Yoo SA, Yoon HJ, Kim HS, Chae CB, De Falco S, Cho CS, et al. Role of placenta growth factor and its receptor flt-1 in rheumatoid inflammation: a link between angiogenesis and inflammation. Arthritis Rheum. 2009;60:345–54.CrossRefPubMedGoogle Scholar
  9. 9.
    Oh EJ, Choi JS, Kim H, Joo CK, Hahn SK. Anti-Flt1 peptide–hyaluronate conjugate for the treatment of retinal neovascularization and diabetic retinopathy. Biomaterials. 2011;32:3115–23.CrossRefPubMedGoogle Scholar
  10. 10.
    Kong JS, Yoo SA, Kang JH, Ko W, Jeon S, Chae CB, et al. Suppression of neovascularization and experimental arthritis by D-form of anti-flt-1 peptide conjugated with mini-PEG(™). Angiogenesis. 2011;14:431–42.CrossRefPubMedGoogle Scholar
  11. 11.
    Yang KS, Lim JH, Kim TW, Kim MY, Kim Y, Chung S, et al. Vascular endothelial growth factor-receptor 1 inhibition aggravates diabetic nephropathy through eNOS signaling pathway in db/db mice. PLoS One. 2014;9:e94540.CrossRefPubMedPubMedCentralGoogle Scholar
  12. 12.
    Cai W, Chen X. Multimodality molecular imaging of tumor angiogenesis. J Nucl Med. 2008;49(Suppl 2):113S–28S.CrossRefPubMedGoogle Scholar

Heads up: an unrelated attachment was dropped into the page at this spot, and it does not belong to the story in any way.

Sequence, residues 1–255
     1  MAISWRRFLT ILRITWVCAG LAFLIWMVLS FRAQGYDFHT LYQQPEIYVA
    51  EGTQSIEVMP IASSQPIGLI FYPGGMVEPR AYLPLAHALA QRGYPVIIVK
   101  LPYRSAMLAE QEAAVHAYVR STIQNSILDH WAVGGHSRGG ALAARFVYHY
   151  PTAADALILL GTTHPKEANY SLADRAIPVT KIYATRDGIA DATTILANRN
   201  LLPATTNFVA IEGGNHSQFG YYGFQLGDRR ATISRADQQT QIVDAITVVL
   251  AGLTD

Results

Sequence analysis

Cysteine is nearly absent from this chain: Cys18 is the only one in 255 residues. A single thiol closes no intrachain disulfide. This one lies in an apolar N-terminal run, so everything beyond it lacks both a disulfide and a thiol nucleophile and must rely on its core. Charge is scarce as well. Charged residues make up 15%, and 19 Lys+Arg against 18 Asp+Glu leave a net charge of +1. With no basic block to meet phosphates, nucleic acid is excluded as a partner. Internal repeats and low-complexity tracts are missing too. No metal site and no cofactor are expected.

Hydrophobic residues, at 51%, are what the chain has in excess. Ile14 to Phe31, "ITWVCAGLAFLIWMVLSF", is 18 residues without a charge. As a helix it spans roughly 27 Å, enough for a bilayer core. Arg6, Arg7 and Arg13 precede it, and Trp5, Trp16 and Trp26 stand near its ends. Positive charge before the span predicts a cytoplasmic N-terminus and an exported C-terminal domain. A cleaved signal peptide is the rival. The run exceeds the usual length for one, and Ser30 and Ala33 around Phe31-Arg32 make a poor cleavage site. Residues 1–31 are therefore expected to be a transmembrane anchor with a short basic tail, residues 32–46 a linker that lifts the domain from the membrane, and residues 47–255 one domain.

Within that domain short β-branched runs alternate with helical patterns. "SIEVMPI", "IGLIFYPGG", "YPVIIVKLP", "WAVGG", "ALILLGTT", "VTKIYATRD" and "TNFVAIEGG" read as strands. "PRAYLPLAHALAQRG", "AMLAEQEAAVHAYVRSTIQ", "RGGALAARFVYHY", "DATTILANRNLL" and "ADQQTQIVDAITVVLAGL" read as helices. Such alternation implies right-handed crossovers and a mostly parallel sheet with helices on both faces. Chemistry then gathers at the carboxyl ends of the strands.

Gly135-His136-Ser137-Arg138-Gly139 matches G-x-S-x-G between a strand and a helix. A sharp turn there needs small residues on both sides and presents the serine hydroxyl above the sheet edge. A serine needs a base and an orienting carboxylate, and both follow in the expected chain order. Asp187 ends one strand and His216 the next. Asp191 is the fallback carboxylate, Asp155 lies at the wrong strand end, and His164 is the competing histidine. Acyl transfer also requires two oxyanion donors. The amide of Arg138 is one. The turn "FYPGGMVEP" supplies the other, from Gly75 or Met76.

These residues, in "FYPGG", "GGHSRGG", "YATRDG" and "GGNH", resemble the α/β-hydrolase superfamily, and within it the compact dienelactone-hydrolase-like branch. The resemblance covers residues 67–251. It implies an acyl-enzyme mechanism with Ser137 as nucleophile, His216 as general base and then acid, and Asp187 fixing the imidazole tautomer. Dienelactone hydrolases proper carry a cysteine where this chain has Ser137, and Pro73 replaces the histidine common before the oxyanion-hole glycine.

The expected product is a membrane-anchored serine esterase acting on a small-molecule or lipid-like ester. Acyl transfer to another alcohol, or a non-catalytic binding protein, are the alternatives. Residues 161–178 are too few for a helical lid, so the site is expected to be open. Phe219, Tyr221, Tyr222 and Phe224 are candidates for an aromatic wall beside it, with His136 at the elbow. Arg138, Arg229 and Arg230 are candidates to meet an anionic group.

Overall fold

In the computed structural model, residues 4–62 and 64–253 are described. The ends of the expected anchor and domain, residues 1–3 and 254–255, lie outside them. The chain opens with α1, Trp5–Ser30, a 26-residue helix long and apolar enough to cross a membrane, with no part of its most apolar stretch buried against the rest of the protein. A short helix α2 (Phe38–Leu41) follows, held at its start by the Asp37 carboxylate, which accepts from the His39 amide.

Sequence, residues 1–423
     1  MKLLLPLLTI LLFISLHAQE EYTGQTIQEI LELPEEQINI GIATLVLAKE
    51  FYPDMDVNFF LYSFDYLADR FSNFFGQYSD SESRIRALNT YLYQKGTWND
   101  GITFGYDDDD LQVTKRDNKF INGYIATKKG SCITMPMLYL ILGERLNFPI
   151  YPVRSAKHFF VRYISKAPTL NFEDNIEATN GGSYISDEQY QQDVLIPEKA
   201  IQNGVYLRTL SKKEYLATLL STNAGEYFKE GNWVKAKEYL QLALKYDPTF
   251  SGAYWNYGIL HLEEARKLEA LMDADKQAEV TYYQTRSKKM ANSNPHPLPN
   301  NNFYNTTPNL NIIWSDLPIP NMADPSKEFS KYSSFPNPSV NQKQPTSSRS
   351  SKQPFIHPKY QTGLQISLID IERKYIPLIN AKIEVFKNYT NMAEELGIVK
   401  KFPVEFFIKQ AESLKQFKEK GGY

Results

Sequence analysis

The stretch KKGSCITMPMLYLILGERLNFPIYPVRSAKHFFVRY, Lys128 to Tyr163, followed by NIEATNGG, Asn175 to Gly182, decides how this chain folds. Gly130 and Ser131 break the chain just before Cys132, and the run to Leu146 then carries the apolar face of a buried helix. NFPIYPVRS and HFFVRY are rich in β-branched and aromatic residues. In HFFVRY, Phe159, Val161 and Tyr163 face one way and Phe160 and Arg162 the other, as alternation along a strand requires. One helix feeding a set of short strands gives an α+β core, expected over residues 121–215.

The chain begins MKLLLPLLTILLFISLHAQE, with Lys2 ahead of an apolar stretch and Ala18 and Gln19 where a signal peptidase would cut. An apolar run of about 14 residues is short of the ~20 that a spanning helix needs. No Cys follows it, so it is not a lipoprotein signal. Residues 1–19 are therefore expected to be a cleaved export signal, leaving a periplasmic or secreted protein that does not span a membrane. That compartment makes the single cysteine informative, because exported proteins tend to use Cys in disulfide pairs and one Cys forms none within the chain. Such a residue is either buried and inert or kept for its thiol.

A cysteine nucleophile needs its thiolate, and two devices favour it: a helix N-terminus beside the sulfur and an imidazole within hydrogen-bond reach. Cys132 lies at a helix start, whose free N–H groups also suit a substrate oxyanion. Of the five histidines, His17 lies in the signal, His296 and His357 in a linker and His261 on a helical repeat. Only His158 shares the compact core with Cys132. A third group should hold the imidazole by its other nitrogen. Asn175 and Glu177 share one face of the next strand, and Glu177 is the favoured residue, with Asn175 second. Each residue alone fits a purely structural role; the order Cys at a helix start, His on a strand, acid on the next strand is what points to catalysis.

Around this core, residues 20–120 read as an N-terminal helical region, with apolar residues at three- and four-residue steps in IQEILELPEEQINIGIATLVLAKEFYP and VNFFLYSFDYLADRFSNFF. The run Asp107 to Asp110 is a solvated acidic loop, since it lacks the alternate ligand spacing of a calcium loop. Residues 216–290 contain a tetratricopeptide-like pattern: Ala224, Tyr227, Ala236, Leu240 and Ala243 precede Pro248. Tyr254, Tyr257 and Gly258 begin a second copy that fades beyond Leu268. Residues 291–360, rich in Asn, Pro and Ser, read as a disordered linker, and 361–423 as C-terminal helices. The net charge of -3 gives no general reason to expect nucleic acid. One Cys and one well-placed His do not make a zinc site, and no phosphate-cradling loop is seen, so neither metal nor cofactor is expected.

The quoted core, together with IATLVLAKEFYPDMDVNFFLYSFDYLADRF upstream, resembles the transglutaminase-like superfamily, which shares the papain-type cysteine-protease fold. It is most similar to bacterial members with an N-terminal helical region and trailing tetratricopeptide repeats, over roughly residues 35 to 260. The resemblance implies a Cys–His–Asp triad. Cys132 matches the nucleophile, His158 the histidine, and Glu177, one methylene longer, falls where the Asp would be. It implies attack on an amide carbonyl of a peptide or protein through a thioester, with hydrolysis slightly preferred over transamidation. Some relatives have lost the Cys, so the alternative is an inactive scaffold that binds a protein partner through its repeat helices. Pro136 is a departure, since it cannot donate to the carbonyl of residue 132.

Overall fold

13. 13.
    Moore A, Medarova Z, Potthast A, Dai G. In vivo targeting of underglycosylated MUC-1 tumor antigen using a multimodal imaging probe. Cancer Res. 2004;64:1821–7.CrossRefPubMedGoogle Scholar
  14. 14.
    Miller SJ, Lee CM, Joshi BP, Gaustad A, Seibel EJ, Wang TD. Targeted detection of murine colonic dysplasia in vivo with flexible multispectral scanning fiber endoscopy. J Biomed Opt. 2012;17:021103.CrossRefPubMedPubMedCentralGoogle Scholar
  15. 15.
    Adusumilli PS, Stiles BM, Chan MK, Eisenberg DP, Yu Z, Stanziale SF, et al. Real-time diagnostic imaging of tumors and metastases by use of a replication-competent herpes vector to facilitate minimally invasive oncological surgery. FASEB J. 2006;20:726–8.CrossRefPubMedPubMedCentralGoogle Scholar
  16. 16.
    de Barros AB, Tsourkas A, Saboury B, Cardoso VN, Alavi A. Emerging role of radiolabeled nanoparticles as an effective diagnostic technique. EJNMMI Res. 2012;2:39.CrossRefPubMedPubMedCentralGoogle Scholar
  17. 17.